Several techniques like the ones Lee Odden mentions here addressing just that and prevents your content from “melting like wet snow as soon as it hits the ground“.

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Sharing is not enough: why you need a content hub for your online presence.

Social media needs to be part of an overall sales and marketing strategy that includes your website, not something that is isolated from everything else you do to promote your business. It isn’t a one hit wonder that will magically drive people to your business.

Source: socialmediatoday.com

Sue Cockburn makes a great point on SocialMediaToday; and one that I’ve often seen underestimated: just like in ancient Rome, all your social media roads should lead to the center of your online presence, aka your website (as a matter of fact, I was highlighting it myself in a talk last week).

As she pointed out, one of the reasons for this is certainly the hype on social media (and its apparent simplicity).

With the Scoop.it team, we’ve been trying to identify the other reasons explaining that by observing many companies – small or large – implementing their content strategy:

– small businesses are often finding it difficult to…

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Important Stats You Should Know from Mary Meeker’s Internet Trends Report

Last week, Mary Meeker of Kleiner Perkins Caufield Byers presented her Internet Trends report for 2014 at the Code Conference in California. Each year since 2001, KPCB has partnered with some of the best data analysts in the country to create a comprehensive report of rising Internet trends across all industries. This year, the presentation resulted in a 164-slide deck that you can read in its entirety here. Since we’re fans of tl;dr analyses & content curation, though, here are some of the most important points from the first half of the report.

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The benefits of content curation for seo

In a recent survey of 1,550 US professionals on the impact of content curation for their business goals, 65% said content curation helped with regards to SEO. Not only that but data from 65M+ pieces of content curated on the Scoop.it platform show that an average of 40% of traffic comes from Google Search.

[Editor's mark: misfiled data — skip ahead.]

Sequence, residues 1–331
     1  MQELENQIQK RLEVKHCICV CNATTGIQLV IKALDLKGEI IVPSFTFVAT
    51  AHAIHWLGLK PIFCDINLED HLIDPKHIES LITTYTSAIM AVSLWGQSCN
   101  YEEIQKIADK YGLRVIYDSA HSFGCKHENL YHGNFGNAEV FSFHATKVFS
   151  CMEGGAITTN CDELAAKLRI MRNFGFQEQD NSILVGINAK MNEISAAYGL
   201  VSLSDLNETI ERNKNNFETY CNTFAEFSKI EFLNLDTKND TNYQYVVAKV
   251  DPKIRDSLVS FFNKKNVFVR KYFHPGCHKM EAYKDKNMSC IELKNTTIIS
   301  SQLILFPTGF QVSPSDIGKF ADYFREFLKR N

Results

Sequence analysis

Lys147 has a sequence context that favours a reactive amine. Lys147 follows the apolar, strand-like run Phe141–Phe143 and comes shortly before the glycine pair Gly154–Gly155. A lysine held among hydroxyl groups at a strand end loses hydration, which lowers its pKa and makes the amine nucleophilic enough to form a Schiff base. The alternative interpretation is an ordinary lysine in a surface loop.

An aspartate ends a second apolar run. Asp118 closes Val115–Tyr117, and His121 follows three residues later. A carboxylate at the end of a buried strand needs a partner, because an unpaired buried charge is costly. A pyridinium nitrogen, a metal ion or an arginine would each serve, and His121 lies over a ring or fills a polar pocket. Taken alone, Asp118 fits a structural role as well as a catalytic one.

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Can SMB’s afford the impressive ROI of Content Marketing?

Is content marketing worth it? Can your company achieve a positive ROI by investing in blogging, social media, and marketing automation?

Guillaume Decugis‘s insight:

A great compilation of studies on the ROI of content marketing from Eloqua and Hubspot. There are lots of interesting numbers which show how valuable content marketing can be in the long run: unlike advertising which costs increase with success, content marketing scales up by delivering economies of scale with lower and lower costs per lead or visitor.

Now, the caveat is that these studies focus on sizeable organizations who can afford the following investments: “According to Eloqua’s findings, a mid-sized organization should expect to spend approximately $12,000 a month and a larger-sized company could expect about $33,000 a month.”

This raises the question of the accessibility of content marketing to small and mid-size businesses. To really be the new advertising, Content Marketing needs to become accessible to all – hence the growing interest for leancontent solutions and tools. 

See on www.business2community.com

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5 lessons we learned experimenting SlideShare as a visual blog

SlideShare is a great platform for visual content and an amazing company: in just a few years, it has become the YouTube of presentations, one of the Top 150 sites in the world with an impressive 3 Billion views per month from 60 million unique visitors. Perhaps like many others, I originally thought of SlideShare as a platform to use only on specific occasions: when I had talked at a conference, when we had produced great slides worth sharing or when we had something specifically visual to communicate. I had had great experience and results but I don’t talk to conferences every day and so I sometimes felt I was missing out. And then, one night of September last year, I heard Jason Miller present at one of our #leancontent events and it became all clear: the team and I realized we could use SlideShare in a very different way – not just as a tool to recycle and share what you already created for other purposes but as a media channel that we would update on a regular basis. In a word, as a visual blog.

We decided to try it: over the next few months, we tried to publish at least every other week to SlideShare, integrating it in our content calendar alongside our blog and our Scoop.it content curations.